It is very important to note that Step 2 of the Tailoring Rule applies to facilities and modifications that are otherwise “minor” except for GHG emissions. The effect of this is to extend federal PSD permitting and all of its trappings, including public notice and comment, an opportunity for hearing, USEPA right to object to issuance, and third party rights of appeal, to new facilities and modifications that are otherwise eligible for faster and simpler state “minor source” pre-construction permits.
GHG Title V Permits
In addition to establishing deadlines for GHG regulation of new and modified sources seeking pre-construction permits, the Tailoring Rule also requires that Clear Air Act operating permits, known as “Title V” permits, be issued and/or revised to include provisions addressing GHG emissions for sources with a potential to emit 100,000 tpy or more of GHG.
Beginning on July 1, 2011, permit applications for Title V permits must include GHG data. Companies that are otherwise subject to Title V permitting requirements and have Title V applications pending for traditional air pollutants or that apply for Title V permits anytime after July 1, 2011, will need to include or add GHG data to their applications. Although new “traditional pollutant” Title V “major sources” have 12 months from the date that they commence operation in which to apply for Title V permits, after July 1, 2011 those applications must include GHG data.
Sources that would not otherwise be subject to Title V permitting except for GHG emissions (Step 2 “minor” sources) will have until July 1, 2012 to submit Title V applications addressing GHG. As discussed above, these otherwise “minor” sources will now be facing the much lengthier and more complicated Clean Air Act Title V permitting process than they would for state minor source operating permits.
For companies that already have Title V permits for traditional pollutants, EPA will treat new GHG regulation as it does other new regulations. Permitting authorities are required to reopen Title V permits that have three or more years remaining before renewal in order to incorporate GHG provisions. Otherwise, upon renewal, the company must supply GHG data with its application.
Prospect of Future Regulation of Smaller Sources
In Step 3, EPA will solicit comment and undertake a study to consider regulating sources with lower GHG emissions. The earliest any regulation of sources with emissions less than 50,000 tpy can occur is 2016.
Actions Companies Should Consider Now
There are a number of reasons that Clean Air Act GHG permitting is undesirable from the perspective of businesses attempting to build new facilities or modify existing facilities. The first reason is simply delay. The second is uncertainty. The third is the prospect of permit appeals by third parties motivated to hold up project development. Companies that are caught in the first phase of this new regulatory program minimally will have to supplement their permit applications with facility-wide GHG data and wait for state or federal permitting authorities to decide how to regulate GHG. Once these decisions are made, many will undoubtedly be challenged as not going far enough or not considering all available GHG reduction alternatives – such as fuel switching or carbon capture and sequestration. Many previously “minor” facilities that now trigger PSD review for the first time will be surprised to be similarly hamstrung when they apply to build or modify plants.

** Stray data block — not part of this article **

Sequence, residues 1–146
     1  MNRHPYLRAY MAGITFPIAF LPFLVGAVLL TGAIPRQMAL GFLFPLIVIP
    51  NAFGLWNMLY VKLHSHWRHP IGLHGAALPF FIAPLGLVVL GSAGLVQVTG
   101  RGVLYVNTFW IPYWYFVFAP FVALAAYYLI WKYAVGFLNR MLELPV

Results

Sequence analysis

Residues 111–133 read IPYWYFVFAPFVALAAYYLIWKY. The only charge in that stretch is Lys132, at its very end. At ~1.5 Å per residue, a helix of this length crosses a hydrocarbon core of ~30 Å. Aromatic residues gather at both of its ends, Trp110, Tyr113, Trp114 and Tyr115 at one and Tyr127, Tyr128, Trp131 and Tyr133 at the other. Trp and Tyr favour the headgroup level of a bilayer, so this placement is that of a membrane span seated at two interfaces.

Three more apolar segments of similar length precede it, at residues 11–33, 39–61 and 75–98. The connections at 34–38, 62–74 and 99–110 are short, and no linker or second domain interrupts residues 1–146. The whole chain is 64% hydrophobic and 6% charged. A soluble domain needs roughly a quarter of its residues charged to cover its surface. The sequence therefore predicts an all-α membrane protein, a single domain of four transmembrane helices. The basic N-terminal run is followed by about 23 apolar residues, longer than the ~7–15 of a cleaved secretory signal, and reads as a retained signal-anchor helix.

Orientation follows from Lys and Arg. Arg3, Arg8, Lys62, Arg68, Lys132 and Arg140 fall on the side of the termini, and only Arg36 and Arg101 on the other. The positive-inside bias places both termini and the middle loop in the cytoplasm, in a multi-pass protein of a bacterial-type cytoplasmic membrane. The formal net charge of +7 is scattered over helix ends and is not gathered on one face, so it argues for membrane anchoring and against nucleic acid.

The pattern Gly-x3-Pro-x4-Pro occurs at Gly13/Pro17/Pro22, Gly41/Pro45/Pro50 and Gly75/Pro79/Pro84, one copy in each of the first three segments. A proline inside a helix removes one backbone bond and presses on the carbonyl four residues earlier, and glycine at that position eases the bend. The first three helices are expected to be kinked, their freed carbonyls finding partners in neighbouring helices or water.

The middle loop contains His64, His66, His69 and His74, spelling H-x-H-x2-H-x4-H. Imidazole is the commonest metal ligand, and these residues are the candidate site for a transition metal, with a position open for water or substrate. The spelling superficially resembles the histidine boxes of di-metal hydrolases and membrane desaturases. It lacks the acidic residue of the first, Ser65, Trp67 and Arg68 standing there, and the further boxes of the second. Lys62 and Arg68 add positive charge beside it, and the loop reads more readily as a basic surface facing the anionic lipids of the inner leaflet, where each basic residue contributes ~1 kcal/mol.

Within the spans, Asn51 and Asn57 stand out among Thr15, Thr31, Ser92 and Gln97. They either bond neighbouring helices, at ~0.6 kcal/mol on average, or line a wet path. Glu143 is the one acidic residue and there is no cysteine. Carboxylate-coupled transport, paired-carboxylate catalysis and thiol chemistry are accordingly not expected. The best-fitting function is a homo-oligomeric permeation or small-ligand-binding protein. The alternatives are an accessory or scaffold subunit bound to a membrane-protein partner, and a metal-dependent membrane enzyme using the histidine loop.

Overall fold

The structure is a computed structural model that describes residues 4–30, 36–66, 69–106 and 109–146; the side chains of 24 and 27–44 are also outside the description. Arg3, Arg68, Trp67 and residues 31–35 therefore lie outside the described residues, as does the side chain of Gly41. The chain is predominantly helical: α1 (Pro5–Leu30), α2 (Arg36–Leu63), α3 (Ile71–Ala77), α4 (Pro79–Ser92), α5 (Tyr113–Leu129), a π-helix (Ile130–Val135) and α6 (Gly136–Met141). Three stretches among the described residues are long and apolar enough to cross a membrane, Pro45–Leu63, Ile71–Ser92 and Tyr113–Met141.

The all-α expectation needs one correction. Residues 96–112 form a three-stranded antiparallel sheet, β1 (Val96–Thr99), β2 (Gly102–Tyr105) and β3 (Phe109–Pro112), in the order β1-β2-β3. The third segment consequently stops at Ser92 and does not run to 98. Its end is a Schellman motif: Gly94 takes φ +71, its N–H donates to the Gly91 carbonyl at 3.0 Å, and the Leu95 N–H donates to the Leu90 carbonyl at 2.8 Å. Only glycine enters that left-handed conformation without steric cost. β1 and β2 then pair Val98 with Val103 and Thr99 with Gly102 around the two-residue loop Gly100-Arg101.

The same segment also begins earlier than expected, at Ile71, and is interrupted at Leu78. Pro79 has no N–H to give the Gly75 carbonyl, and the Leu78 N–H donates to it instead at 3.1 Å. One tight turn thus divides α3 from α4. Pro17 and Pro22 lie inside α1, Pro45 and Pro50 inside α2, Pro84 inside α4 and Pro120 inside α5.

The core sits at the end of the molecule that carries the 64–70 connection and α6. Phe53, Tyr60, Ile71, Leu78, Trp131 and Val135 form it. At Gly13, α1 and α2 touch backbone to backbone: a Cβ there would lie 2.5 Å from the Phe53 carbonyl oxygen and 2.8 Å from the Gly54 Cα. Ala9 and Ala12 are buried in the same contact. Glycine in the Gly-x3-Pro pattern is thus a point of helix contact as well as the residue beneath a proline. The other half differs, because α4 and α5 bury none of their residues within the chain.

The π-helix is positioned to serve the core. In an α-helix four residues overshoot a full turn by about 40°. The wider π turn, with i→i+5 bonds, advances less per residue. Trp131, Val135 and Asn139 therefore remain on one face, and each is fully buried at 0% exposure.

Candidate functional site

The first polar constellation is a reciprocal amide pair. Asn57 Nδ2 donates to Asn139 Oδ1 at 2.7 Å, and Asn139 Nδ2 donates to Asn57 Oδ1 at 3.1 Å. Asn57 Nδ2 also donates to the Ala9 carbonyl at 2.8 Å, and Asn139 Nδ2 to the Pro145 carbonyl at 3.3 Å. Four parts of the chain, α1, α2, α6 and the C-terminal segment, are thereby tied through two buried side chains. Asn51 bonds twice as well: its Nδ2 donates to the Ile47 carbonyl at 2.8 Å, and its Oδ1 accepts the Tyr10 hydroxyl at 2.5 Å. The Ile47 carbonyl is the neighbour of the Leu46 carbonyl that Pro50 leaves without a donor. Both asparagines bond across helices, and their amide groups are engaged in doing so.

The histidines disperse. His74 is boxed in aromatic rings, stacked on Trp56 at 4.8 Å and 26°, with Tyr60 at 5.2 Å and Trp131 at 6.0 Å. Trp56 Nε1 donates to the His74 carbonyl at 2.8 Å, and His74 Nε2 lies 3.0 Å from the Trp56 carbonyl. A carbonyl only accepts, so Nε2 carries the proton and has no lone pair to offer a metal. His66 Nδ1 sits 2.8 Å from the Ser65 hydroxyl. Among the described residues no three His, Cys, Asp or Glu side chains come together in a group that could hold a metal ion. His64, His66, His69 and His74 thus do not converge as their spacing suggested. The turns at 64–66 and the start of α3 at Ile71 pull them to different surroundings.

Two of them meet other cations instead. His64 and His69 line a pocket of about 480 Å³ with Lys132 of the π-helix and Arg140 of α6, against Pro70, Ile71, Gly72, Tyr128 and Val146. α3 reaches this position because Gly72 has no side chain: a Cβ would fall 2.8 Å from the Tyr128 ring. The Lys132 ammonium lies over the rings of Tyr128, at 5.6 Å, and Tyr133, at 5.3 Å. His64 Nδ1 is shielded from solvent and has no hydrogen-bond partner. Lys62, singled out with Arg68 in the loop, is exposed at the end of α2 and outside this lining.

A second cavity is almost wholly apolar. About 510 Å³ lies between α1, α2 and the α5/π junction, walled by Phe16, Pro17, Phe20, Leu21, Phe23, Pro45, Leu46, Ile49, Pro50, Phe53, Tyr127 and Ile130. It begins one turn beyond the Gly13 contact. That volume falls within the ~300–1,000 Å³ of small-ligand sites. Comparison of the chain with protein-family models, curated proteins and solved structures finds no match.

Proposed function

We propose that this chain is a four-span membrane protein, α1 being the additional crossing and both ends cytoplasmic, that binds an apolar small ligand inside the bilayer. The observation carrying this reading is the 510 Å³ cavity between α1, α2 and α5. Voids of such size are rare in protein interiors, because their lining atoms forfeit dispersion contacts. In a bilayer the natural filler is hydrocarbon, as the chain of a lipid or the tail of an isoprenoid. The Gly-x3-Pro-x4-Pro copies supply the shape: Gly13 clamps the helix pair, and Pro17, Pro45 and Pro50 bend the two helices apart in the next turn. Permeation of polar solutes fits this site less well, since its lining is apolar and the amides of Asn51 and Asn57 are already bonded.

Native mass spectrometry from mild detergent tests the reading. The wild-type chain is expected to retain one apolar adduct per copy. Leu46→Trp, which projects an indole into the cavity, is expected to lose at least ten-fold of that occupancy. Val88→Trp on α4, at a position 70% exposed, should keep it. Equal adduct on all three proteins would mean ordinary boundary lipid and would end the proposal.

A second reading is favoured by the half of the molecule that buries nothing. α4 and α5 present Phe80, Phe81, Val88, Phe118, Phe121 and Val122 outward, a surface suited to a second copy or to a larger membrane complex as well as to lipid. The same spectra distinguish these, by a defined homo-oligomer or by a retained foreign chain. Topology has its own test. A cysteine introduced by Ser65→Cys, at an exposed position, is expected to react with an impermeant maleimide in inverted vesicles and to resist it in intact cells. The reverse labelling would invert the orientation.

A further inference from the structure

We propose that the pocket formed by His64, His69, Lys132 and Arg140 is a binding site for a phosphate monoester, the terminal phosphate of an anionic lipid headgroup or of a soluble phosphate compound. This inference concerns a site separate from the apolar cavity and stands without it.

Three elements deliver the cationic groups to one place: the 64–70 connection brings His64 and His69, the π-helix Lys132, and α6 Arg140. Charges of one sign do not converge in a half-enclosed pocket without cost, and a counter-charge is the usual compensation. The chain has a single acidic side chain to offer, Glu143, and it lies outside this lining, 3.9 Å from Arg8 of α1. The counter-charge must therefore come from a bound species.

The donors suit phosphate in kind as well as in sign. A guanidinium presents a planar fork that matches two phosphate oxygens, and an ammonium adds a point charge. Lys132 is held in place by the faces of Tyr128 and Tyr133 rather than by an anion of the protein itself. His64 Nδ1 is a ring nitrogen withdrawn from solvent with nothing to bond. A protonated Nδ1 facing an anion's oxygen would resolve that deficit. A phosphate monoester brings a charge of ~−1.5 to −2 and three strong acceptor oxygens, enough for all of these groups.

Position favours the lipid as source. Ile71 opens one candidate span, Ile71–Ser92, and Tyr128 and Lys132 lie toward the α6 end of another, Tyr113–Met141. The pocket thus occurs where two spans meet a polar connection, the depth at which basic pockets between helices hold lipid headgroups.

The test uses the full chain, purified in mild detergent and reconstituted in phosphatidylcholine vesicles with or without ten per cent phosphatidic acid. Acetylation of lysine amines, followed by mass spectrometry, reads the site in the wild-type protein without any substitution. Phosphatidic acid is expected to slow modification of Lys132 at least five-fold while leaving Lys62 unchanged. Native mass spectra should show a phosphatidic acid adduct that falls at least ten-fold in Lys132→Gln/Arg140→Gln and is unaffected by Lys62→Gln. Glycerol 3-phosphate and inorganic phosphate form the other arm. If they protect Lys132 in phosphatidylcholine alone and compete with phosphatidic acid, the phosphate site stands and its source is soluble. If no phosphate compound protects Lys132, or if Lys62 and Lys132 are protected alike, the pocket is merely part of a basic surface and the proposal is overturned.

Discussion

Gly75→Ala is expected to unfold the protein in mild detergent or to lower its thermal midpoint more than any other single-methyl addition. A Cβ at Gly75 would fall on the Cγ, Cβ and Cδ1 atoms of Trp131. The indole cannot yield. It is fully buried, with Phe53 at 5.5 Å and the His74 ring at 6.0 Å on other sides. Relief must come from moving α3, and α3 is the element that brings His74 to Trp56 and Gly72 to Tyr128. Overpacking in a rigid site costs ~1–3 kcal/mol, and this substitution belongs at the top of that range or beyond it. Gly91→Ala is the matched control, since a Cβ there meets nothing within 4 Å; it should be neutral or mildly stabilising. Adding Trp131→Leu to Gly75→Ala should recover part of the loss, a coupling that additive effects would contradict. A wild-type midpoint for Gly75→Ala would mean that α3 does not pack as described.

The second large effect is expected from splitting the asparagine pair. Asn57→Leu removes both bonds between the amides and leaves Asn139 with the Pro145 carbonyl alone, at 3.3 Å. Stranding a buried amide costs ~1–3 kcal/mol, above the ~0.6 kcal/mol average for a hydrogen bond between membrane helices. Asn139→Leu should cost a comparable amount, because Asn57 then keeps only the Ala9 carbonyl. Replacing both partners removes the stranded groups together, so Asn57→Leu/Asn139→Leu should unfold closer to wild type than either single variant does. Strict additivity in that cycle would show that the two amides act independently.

Unlike traditional air pollutants such as particulate matter or SO2, there is no known technology for “controlling” or reducing CO2 emissions – so this is new ground for both EPA and the state permitting agencies. While EPA has promised to streamline this process and to identify “presumptive” BACT technologies, possibly including energy efficiency and other innovative approaches, EPA has issued no guidance or proposed rules on this as of this date. Furthermore, environmentalists are pushing for redesigning entire projects to use cleaner fuels. Given the lack of precedent for GHG control or reduction technologies, businesses should expect delay in obtaining necessary permits and uncertainty as to what the permits will ultimately require.
In another blow to affected businesses, facilities that are required to reduce GHG under EPA regulations or permit requirements will lose the ability to create saleable emission reduction credits or “offsets” under any subsequently adopted cap-and-trade program because the reductions will no longer be considered “additional.”
Given the potentially large down side of stepping into GHG regulation any earlier than necessary, companies with pending permit applications will want to make every effort to expedite issuance of those permits before the Tailoring Rule compliance dates. Companies that are considering applying for permits should determine whether they are likely to trigger GHG regulation and whether the permits can be issued before the Tailoring Rule deadlines. Even if companies believe their potential to emit GHG is below the 75,000 and 100,000 thresholds, they should ensure that they have conducted a comprehensive analysis of facility-wide GHG emissions (not necessarily just combustion sources, as required for some sources under EPA’s GHG Mandatory Reporting Rule) and be prepared to document their conclusion. If companies find they will trigger GHG permitting, they may want to consider steps that can be taken to reduce those emissions below the Tailoring Rule thresholds before the compliance dates.
EPA’s Final Rule titled “Prevention of Significant Deterioration and Title V Greenhouse Gas Tailoring Rule” is available online.